Customs Update: Anti-Terror Measures Trumping Trade
The General Accountability Office in March issued a startling report describing how undercover government investigators used fake documents to enter the United States with enough radioactive material to make two dirty bombs.
The report, prepared for the Senate Permanent Subcommittee on Investigations, described two breaches of security at the northern and southern borders despite detection by Customs and Border Protection's radiation portal monitors and inspections that were conducted according to protocol.
In response to the report, a senior subcommittee staffer was quoted as saying "It's just an indictment of the system that it's easier to get radiological material than it is to get cold medicine."
While a simplistic but catchy comment, it hardly does the situation justice. Customs has given radiation detection equipment to most, if not all, of its inspectors. However, there is no centralized database yet in existence which can validate the accompanying Nuclear Regulatory Agency documentation. It is irresponsible to insist that Customs personnel now also become experts at forgery, especially since such determinations often requires sophisticated equipment and extensive special training.
The report was issued at the same time as two others, "Combating Nuclear Smuggling -- Challenges Facing U.S. Efforts to Deploy Radiation Detection Equipment in Other Countries and in the United States," and "Combating Nuclear Smuggling -- DHS Has Made Progress Deploying Radiation Detection Equipment at U.S. Ports-of-Entry, but Concerns Remain." The former chastises the State Department for failing to have adequate accountability regarding the equipment and its uses. The latter report points out what are perceived to be the shortcomings of anti-smuggling efforts by the Department of Homeland Security.
The first report also said that in the case of the nuclear-smuggling event, technical limitations of radiation-detection equipment, a lack of supporting infrastructure at many border crossings, and corruption of some foreign government officials hinder efforts to combat possible acts of terror.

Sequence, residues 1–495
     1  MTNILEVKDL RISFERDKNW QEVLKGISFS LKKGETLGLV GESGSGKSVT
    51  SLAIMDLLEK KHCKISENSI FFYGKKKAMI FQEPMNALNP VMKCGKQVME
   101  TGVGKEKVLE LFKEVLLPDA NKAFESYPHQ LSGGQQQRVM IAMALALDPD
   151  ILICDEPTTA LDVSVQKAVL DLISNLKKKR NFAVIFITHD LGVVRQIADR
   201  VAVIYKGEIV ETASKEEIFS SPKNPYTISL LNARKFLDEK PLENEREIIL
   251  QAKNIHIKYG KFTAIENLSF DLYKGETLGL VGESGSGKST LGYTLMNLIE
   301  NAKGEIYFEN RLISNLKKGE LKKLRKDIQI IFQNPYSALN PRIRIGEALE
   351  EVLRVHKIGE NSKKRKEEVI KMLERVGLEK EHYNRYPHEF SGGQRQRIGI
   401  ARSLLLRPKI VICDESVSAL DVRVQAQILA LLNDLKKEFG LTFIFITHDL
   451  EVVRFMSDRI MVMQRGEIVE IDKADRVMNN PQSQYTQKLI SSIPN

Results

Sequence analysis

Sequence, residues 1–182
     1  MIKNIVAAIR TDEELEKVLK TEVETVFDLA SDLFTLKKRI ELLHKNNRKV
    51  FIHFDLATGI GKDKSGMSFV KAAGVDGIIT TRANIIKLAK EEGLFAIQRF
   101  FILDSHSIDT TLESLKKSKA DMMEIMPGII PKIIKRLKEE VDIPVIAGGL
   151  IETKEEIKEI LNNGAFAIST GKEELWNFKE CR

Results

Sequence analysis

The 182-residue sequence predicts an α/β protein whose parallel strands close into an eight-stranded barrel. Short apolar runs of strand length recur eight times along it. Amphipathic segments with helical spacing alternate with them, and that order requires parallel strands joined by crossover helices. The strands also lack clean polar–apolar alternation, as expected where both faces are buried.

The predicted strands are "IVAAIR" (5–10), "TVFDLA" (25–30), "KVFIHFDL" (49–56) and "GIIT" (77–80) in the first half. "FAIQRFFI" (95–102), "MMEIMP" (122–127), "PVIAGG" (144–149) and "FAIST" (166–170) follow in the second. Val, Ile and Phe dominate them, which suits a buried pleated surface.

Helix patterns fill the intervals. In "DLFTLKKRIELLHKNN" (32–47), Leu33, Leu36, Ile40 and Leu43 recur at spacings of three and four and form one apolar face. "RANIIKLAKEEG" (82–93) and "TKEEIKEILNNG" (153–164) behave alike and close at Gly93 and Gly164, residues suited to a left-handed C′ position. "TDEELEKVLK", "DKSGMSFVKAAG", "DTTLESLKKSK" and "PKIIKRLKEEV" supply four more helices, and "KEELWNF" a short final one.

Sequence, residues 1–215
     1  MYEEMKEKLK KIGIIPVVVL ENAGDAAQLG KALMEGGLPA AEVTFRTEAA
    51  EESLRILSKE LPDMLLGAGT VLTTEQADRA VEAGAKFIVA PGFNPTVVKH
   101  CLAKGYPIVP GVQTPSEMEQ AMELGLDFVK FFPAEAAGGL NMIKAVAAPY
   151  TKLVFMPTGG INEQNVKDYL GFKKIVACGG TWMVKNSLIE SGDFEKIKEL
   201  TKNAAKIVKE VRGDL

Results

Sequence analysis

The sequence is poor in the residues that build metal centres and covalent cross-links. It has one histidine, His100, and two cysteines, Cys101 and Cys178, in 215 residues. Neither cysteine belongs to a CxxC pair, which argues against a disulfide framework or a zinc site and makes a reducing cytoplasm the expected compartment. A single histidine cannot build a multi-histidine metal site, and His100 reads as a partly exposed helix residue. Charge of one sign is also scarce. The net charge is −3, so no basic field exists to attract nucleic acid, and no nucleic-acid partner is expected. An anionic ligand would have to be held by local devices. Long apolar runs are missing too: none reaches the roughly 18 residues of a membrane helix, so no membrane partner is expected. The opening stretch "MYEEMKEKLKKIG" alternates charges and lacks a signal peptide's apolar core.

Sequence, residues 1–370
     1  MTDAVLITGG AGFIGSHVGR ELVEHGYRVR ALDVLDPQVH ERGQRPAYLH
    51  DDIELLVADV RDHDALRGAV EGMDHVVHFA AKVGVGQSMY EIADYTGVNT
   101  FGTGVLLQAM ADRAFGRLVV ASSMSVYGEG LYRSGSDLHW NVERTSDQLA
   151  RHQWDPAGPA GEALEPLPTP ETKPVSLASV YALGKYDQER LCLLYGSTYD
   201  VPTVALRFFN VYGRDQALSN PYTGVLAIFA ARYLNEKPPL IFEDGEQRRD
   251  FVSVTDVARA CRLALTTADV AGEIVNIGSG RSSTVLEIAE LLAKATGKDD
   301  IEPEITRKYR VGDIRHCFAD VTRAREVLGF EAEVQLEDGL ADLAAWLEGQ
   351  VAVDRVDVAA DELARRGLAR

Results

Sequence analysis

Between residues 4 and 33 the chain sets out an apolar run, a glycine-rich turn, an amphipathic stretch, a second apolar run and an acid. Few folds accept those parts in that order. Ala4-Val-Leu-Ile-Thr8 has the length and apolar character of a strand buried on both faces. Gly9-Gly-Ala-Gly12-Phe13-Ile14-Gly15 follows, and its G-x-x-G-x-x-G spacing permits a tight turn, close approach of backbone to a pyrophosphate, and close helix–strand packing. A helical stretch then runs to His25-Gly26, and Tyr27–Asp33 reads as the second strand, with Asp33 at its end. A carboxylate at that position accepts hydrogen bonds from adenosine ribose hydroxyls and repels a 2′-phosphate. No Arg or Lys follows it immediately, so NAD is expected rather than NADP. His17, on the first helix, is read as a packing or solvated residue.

After their successes, the GAO briefed both Customs and the NRC. The latter took exception saying that it did not consider the amount of radioactive material involved to be sufficiently large to trigger its "concern threshold." Nonetheless, the NRC and Customs are working on ways to more easily detect counterfeit documents. Jayson Ahern, Customs' assistant commissioner for field operations, has indicated an expectation a protocol to deal with the validity of NRC documents would be in place shortly.
For anyone who has crossed the border, whether by land, sea or air, what was particularly striking about the smuggling incident is that the GAO's undercover agents made at least incomplete statements to inspectors but suffered no consequences. In one instance, the agents are reported to have first said they had nothing to declare. When they were asked to open the trunk of their vehicle, they said they had specialized equipment being returned to the U.S. from Mexico. In a third statement, they said the equipment contained some radioactive material. From the way the GAO report reads, one could conclude that each time the inspector asked for information, additional facts were provided, but what is striking is how often such activity leads to seizure of goods and vehicles for making false declarations and did not in this case. It makes one admire the overall quality of the play-acting by the undercover GAO agents.
The lesson here is that Customs will continue to be in the headlines in ways that will result in Congress putting more and more demands on the agency, without necessarily providing any more funding. It also suggests the ongoing likelihood that staffing increases will take the form of inspectors and not the commercial operations personnel all of us in the trade community so desperately hope to see.
Any question about the direction of events can be seen in the current efforts of Congress to make the Customs-Trade Partnership Against Terrorism (C-TPAT) mandatory. There is also the looming threat of the introduction of an amendment to require physical inspection of all cargo traveling on passenger planes as part of the debate on Capitol Hill surrounding HR 5441, the DHS funding bill for fiscal 2007. Such a proposal is no doubt well-intended but totally unrealistic in terms of allowing the rapid movement of legitimate/compliant cargo, never mind the extravagant costs and delays which would result, thereby further seriously eroding the ability of the airlines to operate in a solid economic climate.
It leads one to wonder -- what is next?